You may have thought the Pittsburgh Steelers lost on Sunday, 31-14, to the Tennessee Titans, and you may even have seen the game.
You’ve got the wrong score, however. The really important Steelers score last week was 31-0, in their favor, or at least in favor of their now principal owners, Dan Rooney, and his son Art Rooney II.
That was the unanimous vote of the 31 owners of National Football League teams, meeting in Irvine, Texas, a Dallas suburb, to approve the sale of the Steelers to a group headed by Dan and the latest Art. There also is an Art Jr., young Art’s uncle, and of course the patriarch of the clan, the original Art, dead 20 years now and still sorely missed in American sports.
Had Dan not negotiated a deal with his four brothers, or had the NFL owners not approved it, the Rooneys would have lost family control of the Steelers. The NFL insisted that Tim Rooney, principal owner of Yonkers Raceway, and his brothers Pat and John, who own the Palm Beach Kennel Club, had to divest themselves of their racetrack or sell their shares of the Steelers, even if the NFL probably has more money bet on its games on any given day than all of horse racing combined. Had the Rooneys been forced to sell to outsiders, Art – The Chief – would spin in his heavenly shrine.
He bought the Steelers 75 years ago with $2,500 of far larger winning bets on horses, and he must have worn a celestial smile last week when four of the boys – Tim, Art Jr., Pat and John – each took down $128 million or so for their shares of the sale to their older brother, with a Rooney still running the show. Each of the boys owned 16 percent of the team.
You had to know the original Art Rooney to fully appreciate this development.
He was the closest thing to a universally loved man to come down the pike.
That pike ran in a circle about 50 miles in diameter around Pittsburgh, Art’s home base and territory. From small towns around The Steel City came a small coterie of exceptional sports and entertainment figures who constituted an amazing club. They all were un-knockables, guys whom everyone liked, or more accurately perhaps, loved.
Stan Musial of the St. Louis Cardinals, the beloved Stan the Man, from the town of Donora; Singer Perry Como, from Canonsburg; golf immortal Arnold Palmer from Latrobe, and football great Joe Namath, from Beaver Falls, who may have had a knock or two but belonged to the group on the basis of huge popularity and a giant personality.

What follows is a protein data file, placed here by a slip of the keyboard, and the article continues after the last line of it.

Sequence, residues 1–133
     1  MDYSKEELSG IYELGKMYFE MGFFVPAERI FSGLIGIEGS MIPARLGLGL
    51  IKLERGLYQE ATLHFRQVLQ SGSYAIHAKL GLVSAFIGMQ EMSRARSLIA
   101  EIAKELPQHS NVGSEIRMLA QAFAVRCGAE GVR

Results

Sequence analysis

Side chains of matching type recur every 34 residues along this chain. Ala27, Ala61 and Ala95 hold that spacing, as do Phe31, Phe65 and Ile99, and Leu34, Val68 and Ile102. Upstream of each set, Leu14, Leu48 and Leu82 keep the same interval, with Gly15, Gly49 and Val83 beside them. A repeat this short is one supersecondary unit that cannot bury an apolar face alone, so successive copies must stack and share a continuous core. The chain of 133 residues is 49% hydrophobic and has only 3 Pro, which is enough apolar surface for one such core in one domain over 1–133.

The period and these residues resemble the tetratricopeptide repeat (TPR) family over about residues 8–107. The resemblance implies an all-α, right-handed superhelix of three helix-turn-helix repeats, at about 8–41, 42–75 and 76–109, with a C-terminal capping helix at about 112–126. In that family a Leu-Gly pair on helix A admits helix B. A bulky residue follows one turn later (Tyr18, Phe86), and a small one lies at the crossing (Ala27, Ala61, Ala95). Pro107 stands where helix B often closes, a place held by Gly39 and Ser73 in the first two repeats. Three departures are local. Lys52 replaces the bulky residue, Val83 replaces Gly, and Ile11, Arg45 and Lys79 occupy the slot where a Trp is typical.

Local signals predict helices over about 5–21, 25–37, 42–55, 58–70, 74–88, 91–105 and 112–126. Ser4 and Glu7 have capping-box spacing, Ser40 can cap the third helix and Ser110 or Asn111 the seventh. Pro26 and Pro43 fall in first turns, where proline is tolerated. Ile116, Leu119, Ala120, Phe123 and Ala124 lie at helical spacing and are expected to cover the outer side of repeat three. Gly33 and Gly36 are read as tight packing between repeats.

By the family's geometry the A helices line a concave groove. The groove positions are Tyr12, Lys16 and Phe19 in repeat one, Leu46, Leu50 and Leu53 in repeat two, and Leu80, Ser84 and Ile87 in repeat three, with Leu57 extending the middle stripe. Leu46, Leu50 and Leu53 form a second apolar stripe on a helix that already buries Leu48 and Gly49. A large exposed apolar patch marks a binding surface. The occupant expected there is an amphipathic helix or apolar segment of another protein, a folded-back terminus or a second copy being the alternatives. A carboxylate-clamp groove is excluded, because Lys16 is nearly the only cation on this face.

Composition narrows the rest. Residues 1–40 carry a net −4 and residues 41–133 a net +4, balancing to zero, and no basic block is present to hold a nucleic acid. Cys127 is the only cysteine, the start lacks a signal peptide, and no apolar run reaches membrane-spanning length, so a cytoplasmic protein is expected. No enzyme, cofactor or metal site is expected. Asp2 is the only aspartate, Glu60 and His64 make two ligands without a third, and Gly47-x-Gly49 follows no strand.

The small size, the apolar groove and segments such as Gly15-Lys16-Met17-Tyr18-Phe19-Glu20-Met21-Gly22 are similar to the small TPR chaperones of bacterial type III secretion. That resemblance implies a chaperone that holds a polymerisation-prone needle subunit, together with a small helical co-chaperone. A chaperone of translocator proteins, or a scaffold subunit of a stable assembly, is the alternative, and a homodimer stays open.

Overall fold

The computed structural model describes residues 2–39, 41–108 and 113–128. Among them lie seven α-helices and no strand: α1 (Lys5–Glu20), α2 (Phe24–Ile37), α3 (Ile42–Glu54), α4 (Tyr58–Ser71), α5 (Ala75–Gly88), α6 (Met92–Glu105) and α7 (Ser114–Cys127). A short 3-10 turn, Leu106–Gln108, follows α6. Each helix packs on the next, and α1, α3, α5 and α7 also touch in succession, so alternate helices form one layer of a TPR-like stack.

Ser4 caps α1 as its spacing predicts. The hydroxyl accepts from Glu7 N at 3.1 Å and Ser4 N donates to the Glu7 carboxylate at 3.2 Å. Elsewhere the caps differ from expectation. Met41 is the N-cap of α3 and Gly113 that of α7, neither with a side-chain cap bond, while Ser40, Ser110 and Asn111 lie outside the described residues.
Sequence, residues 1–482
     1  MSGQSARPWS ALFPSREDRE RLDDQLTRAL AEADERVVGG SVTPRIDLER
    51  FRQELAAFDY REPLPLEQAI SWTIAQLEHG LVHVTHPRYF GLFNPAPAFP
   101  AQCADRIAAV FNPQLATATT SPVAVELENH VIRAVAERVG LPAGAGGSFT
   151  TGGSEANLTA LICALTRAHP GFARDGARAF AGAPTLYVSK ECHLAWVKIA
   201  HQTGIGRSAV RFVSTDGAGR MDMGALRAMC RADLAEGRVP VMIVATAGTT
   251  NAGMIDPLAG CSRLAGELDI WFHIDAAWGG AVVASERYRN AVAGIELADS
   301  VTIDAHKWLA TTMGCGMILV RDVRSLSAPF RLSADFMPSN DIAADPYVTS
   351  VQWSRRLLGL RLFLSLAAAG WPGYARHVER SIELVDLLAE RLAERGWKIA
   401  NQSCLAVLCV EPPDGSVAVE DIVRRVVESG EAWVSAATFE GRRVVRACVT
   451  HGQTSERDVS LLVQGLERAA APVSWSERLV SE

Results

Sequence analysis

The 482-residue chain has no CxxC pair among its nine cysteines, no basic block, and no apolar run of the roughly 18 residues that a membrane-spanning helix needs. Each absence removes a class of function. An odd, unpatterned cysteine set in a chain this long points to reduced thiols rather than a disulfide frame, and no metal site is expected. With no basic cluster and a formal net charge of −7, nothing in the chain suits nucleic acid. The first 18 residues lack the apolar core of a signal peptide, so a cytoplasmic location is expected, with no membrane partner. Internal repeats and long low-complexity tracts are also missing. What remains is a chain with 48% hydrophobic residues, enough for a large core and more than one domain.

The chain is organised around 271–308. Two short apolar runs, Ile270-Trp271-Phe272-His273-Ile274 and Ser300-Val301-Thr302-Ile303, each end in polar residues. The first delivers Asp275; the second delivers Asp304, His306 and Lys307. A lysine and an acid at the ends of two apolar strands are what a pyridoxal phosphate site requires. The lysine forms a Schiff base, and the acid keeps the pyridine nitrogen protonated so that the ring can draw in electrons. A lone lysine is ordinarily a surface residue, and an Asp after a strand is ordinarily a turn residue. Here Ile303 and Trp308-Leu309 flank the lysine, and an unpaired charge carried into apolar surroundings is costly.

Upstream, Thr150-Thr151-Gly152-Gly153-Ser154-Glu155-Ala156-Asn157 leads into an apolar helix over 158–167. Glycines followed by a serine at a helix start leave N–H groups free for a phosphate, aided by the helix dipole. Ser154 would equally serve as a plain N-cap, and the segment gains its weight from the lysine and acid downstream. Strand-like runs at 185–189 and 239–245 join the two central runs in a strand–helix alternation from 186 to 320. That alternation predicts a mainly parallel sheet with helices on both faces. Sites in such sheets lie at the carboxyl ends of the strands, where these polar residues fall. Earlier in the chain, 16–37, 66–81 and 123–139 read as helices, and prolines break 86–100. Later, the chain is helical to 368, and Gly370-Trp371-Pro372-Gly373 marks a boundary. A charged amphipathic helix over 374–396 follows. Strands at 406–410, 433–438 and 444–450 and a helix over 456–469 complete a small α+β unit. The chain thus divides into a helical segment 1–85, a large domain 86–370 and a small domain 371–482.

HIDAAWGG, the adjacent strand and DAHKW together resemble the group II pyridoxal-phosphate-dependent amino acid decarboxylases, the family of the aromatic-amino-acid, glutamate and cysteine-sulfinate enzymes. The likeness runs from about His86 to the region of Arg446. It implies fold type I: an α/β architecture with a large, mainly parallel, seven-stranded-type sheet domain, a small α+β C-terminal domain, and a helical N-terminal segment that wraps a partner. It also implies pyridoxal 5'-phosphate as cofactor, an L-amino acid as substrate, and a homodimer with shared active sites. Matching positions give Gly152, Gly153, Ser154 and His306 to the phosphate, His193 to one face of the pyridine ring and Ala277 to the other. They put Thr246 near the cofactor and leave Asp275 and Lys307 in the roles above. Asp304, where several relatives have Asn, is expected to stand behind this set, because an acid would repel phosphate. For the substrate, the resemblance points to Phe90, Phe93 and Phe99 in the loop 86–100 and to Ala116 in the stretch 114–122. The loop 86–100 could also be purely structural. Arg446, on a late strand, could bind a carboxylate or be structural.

Harness racing great Delvin Miller, from Avella, the only professional athlete ever to compete in eight different decades, from the 1920s to the 1990s also belonged to the group.
And of course Art Rooney himself, born in Coultersville, with a memory for names and faces matched only to my knowledge by former postmaster general Jim Farley and Michigan football star and later coach Forest Evashevski. Those three would astound acquaintances met years earlier with a quick and never failing recollection of their names and status.
A description of Arnold Palmer from his official biography tells the story of all of these unique, geographically related superstars. It read: "Beside the magnificent performance record, his magnetic personality and unfailing sense of kindness and thoughtfulness to everybody with whom he comes in contact have endeared him to millions throughout the world and led to the informal formation of the largest non-uniformed ‘military’ organization in existence – Arnie’s Army."
All of the men named had their own armies, attracted by the qualities described in Palmer. And they all knew how to smile, something forgotten by many of the overpaid athletes of today.
I have no idea if it is the water of western Pennsylvania, the air, or the contagion of friendliness, but all of the stars mentioned possessed those traits. None, however, could surpass Art Rooney for affability and friendliness. I flew to his funeral services in Pittsburgh in 1988, in St. Peter’s Roman Catholic Church where he worshipped for almost 80 years. The church was packed and overflowing for blocks around, and Cardinal John Wright told why. "He’s the voice of the man on the street," he said.
Dan Rooney said his father told him, late in life, that it would be okay to sell the Steelers after he was gone. That idea was rejected by all five brothers, who had a chance to sell to a billionaire family friend for more money, but would have had to relinquish family control if they did. They knew The Chief would not have liked that, and neither did they.
It took them two years to strike their deal, but their dad can rest easy. And so, in its hypocrisy, can the NFL.